Biomes are the major regional groupings of plants and animals discernible at a global scale. Their distribution patterns are strongly correlated with regional climate patterns and identified according to the climax vegetation type. However, a biome is composed not only of the climax vegetation, but also of associated successional communities, persistent subclimax communities, fauna, and soils.
The biome concept embraces the idea of community, of interaction among vegetation, animal populations, and soil. A biome (also called a biotic area) may be defined as a major region of distinctive plant and animal groups well adapted to the physical environment of its distribution area.
To understand the nature of the earth’s major biomes, one needs to learn for each:
- The global distribution pattern: Where each biome is found and how each varies geographically. A given biome may be composed of different taxa on different continents. Continent-specific associations of species within a given biome are known as formations and often are known by different local names. For example, the temperate grassland biome is variously called prairie, steppe, pampa, or veld, depending on where it occurs (North America, Eurasia, South America, and southern Africa, respectively).
- The general characteristics of the regional climate and the limitations or requirements imposed upon life by specific temperature and/or precipitation patterns.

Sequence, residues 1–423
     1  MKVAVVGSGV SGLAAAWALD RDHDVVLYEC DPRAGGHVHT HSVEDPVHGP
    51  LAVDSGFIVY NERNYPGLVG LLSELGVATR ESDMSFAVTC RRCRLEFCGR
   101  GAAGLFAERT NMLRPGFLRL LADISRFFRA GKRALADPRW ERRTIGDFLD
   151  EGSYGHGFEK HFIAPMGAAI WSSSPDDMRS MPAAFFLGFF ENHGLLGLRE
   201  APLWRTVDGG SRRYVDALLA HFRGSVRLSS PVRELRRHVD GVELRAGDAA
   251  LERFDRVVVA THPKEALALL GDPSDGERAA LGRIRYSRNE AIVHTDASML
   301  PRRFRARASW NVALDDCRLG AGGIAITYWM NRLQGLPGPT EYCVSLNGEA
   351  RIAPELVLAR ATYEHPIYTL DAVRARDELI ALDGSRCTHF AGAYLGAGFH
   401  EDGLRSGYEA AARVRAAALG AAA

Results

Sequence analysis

- Aspects of the physical environment that may exert a stronger influence than climate in determining common plant growthforms and/or subclimax vegetation. Usually these factors are conditions of the substrate (e.g., waterlogged; excessively droughty, nutrient-poor) or of disturbance (e.g., periodic flooding or burning).
- The soil order(s) that characterize the biome and those processes involved in soil development.
- The dominant, characteristic, and unique growthforms; vertical stratification; leaf shape, size, and habit; and special adaptations of the vegetation. Examples of the last are peculiar life histories or reproductive strategies, dispersal mechanisms, root structure, and so forth.
- The types of animals (especially vertebrates) characteristic of the biome and their typical morphological, physiological, and/or behavioral adaptations to the environment.
Note: This page has been translated into Ukrainian by Anna Matesh on her blog at http://eustudiesweb.com/vvedennya-v-biomi/ and into the Macedonian language by Katerina Nestiva at http://sciencevobe.com/2017/07/03/voved-vo-biomi/ . A Russian translation of the introduction by Sandi Wolfe may be found at http://www.opensourceinitiative.net/edu/biomes. And the page has been translated into Finnish by Elsa Jansson (http://mysciencefeel.com/2017/07/05/johdatus-biomes/) and Hungarian by Elana Pavlet (http://sc-journal.com/bevezetes-a-biomes/). A Bosnian translation has been prepared by Amina Dugalic and posted at http://the-sciences.com/2017/07/13/uvod-u-biomi/. A Czech translation by Ivana Horak appears at http://scientificachievements.com/uvod-do-biomu/. Irina Vasilescu has translated the page into Romanian (https://www.dontpayfull.com/page/biomasele-lumii), and Catherine Desroches from DoMyWriting has translated it into Swedish at https://www.academia.edu/40153454/Swedish_Version_-_Introduction_to_Biomes. A version in Slovenian has been made available by Sophi Spacilova at http://dreamicus.com/blog/biomes.html. A Serbian translation by Branca Fiagic can be found at https://www.lawmix.ru/blog/2017/09/04/introduction-to-biomes/. Deepak Khanna provides a Hindi translation at http://posturemd.com/biomes/.An Uzbek version by Sherali Niyazova can be read at http://eduworksdb.com/introduction-to-biomes/. A Spanish translation by John Long appears at http://clipart-library.com/biomas.html. Johanne Teerink provides a translation of the tundra page into Estonian at https://www.autonvaraosatpro.